Lauren Verno shares what it’s like to be tested for COVID-19
News4Jax anchor and reporter says waiting for the results was worse than the actual test
JACKSONVILLE, Fla. – Our job as journalists is to never become the story, but neither my college professors nor mentors have ever been through a pandemic like this. So here we are.
I want to start off by letting everyone know I tested negative for COVID-19.
This story is not meant to have a surprise ending or a triumphant tale of how I overcame the virus. I’m sharing what I’ve learned over the last few weeks because I wish someone could have done the same for me.
If you are a journalist right now -- whether that means you cover sports, weather or breaking news -- every single person is working on some version of a COVID-19 story. That means we know the symptoms, we know the signs, we are fully aware of what COVID-19 looks like and what can happen if it goes untreated. So there were really only two words to describe how I felt when I noticed I developed a cough, sore throat and body aches last week: pure panic.
I am a young, healthy person, and I had that sobering reminder: I am not invincible.
On the night of Wednesday, April 1, I went to Telescope Health online, put in the promotional code (HERE4YOU) and my appointment was free since I was a Jacksonville resident, and after 10 minutes of waiting, I was on the phone with a doctor.
That was the moment I realized how serious this conversation was.
You see, whenever you imagine talking to your doctor, it’s supposed to be a warm and comforting face meeting you on the other end. The doctor on the other end of this call was in full protective gear. She looked like she was inside a hospital in between patients, with a full gown, N95 mask and shield covering her face.
We went through the list of questions:
- What are your symptoms?
- Do you believe you’ve been in contact with someone who has COVID-19?
My answers were enough for her to recommend testing.
Within an hour of hanging up, I received an email with my appointment time for the next day.
On Thursday, April 2, I showed up at the drive-thru testing site near the Prime Osborn Convention Center and was met with large signs that read “DO NOT roll down your window” and “Do you have a pen?”
The first doctor you come in contact with takes your information, license and confirms your appointment. This is all done with your window rolled up.
Then you navigate across the entire back parking lot through cones, just in case of long lines. On the day I went, however, there were only three cars in front of me.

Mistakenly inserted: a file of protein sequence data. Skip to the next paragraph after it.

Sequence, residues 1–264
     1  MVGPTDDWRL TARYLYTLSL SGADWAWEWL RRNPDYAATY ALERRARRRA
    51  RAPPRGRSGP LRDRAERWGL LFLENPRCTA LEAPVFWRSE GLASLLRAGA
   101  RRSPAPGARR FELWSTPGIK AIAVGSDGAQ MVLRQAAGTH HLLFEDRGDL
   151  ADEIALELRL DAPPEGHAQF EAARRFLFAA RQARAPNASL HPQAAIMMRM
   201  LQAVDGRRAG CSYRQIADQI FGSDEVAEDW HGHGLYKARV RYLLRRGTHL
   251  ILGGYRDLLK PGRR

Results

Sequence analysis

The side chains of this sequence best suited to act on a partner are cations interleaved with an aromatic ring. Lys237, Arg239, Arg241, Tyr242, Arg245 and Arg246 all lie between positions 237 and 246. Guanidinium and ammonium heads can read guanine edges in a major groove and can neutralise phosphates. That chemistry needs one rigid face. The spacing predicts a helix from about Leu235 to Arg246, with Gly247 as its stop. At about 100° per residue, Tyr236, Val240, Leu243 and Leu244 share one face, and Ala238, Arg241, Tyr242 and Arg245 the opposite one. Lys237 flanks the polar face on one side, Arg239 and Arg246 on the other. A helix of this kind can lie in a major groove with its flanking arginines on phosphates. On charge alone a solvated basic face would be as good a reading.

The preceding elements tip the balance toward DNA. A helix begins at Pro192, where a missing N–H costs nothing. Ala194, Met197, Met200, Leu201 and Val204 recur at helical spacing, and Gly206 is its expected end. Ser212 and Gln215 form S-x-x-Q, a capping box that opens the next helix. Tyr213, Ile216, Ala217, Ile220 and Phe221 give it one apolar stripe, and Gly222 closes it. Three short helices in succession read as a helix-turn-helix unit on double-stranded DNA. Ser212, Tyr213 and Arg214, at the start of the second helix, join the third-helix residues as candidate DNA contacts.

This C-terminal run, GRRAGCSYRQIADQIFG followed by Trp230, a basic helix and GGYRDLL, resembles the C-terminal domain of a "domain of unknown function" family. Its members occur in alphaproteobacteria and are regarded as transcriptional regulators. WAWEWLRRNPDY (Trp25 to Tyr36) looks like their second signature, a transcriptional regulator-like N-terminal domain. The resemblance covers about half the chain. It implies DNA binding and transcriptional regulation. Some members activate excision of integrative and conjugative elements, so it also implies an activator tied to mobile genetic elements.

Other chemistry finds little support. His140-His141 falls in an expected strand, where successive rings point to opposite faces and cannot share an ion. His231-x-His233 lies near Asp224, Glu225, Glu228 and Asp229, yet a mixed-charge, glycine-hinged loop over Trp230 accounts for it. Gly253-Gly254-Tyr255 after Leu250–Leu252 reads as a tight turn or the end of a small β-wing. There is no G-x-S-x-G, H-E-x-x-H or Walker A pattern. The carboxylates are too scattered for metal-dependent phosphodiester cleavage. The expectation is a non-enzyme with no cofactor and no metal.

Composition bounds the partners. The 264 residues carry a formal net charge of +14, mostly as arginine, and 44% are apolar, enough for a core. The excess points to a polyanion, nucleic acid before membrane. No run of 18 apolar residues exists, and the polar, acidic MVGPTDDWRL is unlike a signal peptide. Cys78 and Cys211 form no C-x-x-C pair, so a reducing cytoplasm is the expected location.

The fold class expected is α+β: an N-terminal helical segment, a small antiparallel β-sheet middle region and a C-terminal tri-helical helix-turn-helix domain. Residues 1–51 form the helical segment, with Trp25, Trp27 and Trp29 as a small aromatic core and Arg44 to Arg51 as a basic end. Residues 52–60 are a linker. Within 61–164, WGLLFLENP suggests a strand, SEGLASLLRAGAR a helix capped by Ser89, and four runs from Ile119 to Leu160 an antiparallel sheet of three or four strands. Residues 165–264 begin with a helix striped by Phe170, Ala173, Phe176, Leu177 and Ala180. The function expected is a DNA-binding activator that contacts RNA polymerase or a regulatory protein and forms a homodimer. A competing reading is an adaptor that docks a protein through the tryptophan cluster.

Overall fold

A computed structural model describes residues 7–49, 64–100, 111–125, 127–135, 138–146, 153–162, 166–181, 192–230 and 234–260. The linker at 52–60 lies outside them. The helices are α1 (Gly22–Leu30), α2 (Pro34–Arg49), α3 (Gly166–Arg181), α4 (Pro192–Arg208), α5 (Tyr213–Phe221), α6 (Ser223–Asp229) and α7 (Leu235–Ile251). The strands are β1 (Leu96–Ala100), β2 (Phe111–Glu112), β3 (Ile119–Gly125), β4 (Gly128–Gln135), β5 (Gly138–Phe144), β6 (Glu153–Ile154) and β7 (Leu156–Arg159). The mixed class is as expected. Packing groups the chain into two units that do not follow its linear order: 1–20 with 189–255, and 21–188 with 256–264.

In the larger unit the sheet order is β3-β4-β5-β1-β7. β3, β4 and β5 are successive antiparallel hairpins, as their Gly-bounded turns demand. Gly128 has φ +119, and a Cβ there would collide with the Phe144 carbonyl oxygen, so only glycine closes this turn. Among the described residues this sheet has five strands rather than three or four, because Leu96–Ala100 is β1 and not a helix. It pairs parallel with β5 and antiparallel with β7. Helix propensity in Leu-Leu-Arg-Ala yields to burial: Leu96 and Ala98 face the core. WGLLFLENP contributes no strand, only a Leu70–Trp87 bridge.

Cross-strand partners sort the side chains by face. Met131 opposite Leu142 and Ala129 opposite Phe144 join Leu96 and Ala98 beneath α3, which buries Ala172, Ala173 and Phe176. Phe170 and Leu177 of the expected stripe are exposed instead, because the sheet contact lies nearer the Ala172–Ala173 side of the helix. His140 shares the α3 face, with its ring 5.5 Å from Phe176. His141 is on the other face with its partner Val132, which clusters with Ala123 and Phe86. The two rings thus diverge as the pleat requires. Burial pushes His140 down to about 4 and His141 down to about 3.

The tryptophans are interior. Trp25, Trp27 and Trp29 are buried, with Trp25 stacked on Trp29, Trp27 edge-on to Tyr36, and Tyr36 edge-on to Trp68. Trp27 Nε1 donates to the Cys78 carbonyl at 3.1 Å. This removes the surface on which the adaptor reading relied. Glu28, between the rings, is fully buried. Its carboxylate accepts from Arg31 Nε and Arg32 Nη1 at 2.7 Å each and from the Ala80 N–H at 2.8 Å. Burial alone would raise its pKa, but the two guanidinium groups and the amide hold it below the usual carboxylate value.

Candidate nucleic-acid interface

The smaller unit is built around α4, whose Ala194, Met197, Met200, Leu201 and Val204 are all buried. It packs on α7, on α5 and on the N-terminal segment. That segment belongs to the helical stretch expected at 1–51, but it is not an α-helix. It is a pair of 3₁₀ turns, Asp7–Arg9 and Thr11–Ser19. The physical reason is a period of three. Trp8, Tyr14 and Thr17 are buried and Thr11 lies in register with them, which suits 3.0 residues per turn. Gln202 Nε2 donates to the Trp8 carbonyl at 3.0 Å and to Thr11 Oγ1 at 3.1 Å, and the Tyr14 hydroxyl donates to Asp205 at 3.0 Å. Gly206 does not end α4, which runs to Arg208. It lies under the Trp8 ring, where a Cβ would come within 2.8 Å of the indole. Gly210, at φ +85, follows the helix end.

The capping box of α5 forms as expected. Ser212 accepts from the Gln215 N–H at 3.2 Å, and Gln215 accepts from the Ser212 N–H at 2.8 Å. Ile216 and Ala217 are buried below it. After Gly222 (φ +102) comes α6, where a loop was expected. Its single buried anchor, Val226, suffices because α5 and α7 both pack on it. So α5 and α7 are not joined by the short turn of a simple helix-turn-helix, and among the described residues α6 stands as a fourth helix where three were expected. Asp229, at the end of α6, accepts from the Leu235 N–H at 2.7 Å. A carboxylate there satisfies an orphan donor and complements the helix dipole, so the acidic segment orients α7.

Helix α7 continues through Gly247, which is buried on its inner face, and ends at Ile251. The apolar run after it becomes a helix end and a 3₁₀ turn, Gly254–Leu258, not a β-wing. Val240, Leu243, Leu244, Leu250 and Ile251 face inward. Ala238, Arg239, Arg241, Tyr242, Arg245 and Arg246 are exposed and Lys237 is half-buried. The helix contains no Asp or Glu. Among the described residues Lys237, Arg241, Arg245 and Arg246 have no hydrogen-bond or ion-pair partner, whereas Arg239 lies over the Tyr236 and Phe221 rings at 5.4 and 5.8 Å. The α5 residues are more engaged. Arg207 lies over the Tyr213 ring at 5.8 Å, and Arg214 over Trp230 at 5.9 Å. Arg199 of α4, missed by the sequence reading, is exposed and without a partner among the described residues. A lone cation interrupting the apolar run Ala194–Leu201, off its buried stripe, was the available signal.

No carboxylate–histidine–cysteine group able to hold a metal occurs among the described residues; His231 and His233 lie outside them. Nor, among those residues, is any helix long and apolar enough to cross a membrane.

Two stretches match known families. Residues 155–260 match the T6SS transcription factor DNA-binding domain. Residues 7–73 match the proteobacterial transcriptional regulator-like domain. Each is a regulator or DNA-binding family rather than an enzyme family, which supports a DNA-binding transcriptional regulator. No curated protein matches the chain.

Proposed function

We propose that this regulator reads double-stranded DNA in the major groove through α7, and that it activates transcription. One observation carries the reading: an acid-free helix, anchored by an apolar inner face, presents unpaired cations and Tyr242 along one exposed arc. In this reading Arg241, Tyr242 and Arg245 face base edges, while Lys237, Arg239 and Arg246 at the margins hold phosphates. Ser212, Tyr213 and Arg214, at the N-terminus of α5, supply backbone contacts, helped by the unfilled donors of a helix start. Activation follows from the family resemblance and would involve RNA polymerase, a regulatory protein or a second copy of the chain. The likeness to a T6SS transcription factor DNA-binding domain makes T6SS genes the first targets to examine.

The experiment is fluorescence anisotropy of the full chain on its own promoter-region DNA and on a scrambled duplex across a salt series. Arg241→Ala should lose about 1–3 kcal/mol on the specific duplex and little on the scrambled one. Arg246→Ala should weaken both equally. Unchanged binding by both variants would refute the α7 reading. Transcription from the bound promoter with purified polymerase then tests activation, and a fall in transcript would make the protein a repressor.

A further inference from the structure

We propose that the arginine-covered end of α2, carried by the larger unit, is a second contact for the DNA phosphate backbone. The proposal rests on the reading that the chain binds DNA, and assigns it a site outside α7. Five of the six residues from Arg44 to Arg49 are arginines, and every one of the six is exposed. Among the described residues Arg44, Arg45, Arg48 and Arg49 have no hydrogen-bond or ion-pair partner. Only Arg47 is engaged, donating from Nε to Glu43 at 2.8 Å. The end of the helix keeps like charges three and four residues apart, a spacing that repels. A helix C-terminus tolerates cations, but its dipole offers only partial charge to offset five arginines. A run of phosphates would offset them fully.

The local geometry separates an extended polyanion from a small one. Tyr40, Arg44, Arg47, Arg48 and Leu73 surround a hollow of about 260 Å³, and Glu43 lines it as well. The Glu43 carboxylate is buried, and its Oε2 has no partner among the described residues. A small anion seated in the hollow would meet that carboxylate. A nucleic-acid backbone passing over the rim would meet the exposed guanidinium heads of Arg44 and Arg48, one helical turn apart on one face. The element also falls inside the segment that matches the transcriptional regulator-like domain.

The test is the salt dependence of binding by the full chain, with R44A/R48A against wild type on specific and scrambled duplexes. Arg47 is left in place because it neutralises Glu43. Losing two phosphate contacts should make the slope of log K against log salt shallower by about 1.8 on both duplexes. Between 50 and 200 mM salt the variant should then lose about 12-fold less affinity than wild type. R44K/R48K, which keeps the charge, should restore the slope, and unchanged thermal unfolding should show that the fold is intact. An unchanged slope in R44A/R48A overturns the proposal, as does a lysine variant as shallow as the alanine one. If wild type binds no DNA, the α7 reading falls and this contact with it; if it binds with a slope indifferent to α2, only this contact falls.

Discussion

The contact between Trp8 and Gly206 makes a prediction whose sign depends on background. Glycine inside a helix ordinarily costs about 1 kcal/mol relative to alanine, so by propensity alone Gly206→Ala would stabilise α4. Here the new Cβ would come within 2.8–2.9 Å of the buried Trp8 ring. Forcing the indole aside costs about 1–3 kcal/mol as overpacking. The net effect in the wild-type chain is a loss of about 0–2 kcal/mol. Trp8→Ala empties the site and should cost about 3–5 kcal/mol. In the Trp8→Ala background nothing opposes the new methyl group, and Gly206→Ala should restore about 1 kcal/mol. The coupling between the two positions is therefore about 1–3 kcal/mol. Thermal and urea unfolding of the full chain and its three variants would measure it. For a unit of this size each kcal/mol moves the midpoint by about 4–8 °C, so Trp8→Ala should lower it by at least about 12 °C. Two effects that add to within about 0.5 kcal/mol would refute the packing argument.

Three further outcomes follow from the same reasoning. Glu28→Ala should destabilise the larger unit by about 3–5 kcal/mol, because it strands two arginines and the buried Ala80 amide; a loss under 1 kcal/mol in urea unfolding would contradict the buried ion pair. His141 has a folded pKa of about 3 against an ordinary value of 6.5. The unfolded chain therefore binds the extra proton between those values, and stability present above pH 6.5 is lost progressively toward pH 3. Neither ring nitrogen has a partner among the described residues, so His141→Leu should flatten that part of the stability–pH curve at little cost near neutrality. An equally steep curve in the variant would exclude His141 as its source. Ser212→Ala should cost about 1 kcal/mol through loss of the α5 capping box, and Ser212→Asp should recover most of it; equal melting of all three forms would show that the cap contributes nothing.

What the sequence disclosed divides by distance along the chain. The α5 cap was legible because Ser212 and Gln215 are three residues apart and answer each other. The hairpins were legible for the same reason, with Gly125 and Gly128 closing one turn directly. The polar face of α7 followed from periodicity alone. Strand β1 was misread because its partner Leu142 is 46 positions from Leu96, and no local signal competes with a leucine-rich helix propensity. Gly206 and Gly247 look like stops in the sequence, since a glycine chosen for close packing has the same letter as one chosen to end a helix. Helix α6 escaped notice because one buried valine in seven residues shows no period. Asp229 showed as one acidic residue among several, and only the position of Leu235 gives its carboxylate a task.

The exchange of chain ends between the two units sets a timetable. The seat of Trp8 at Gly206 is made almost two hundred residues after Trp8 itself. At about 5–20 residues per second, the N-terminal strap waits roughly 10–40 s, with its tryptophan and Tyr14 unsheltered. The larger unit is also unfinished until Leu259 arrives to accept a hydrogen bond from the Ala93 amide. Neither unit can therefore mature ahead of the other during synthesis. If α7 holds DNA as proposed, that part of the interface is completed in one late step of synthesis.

Once you pull up to the testing tent, doctors in personal protective gear ask you to confirm some basic information and then, a moment later, you’re tested.
The test at the Prime Osborn site is very similar to having a strep test done. The health care worker swabs the back of your throat and then tells you, “You’ll receive your results in about five days.”
The overall process was actually very easy. The next few days was what was tough.
You see, the doctor wrote me prescriptions to soothe my sore throat and cough, but I was too scared to leave my house to go pick them up.
I also realized we didn’t have any Tylenol or acetaminophen like my doctor recommended in the house. I had tried to get some earlier in the week, but couldn’t find any.
The only medicine I could find online I instantly wanted to report to the Florida attorney general’s price gouging hotline.
So, I made do with DayQuil and NyQuil that we had leftover from the last time I was sick.
The good news was I slept as much as a cat. In fact, after getting tested, I slept for almost 18 hours straight.
Then the isolation hit in. My boyfriend and I decided we would quarantine in different bedrooms since he had not shown symptoms.
I could only speak to people through text because my throat hurt too much to talk.
If I’m being completely transparent, I was actually nervous to reach out to friends because I didn’t want to worry anyone before getting my results. (That obviously did not work with my mother. On day three, she called me six times while I was napping and I had to politely ask her to please stop calling.)
On Sunday, or day four, I started feeling better -- enough to at least change my clothes and start eating again.
That night I got the email: Your results are negative.
Don’t get me wrong -- I was very, very relieved not to have COVID-19, but then my next thought was then why was I so sick? What if I end up getting COVID-19 in the near future? Do I have to go through all of this again?
The entire experience was physically tolling yes, but the emotional one was a bit overwhelming.
Here’s the thing: I’m the lucky one. I didn’t have COVID-19. I didn’t have to self-quarantine for 14 days.
But this scare was enough to put this virus into perspective for me.
So when you turn on the news every night, I ask you this:
Please don’t make comments that we are overhyping.
If someone is feeling sick, do not undermine their experience. Getting sick in the times of a pandemic, no matter what it is, is very different than getting sick on a normal Tuesday.
Finally, stay at home. I have returned back to work because it is my job to keep informing.
As someone in our newsroom once said, “We may not be first responders, but we are first informers.”
Stay home, wear your mask and check on your neighbor. We will get through this together.
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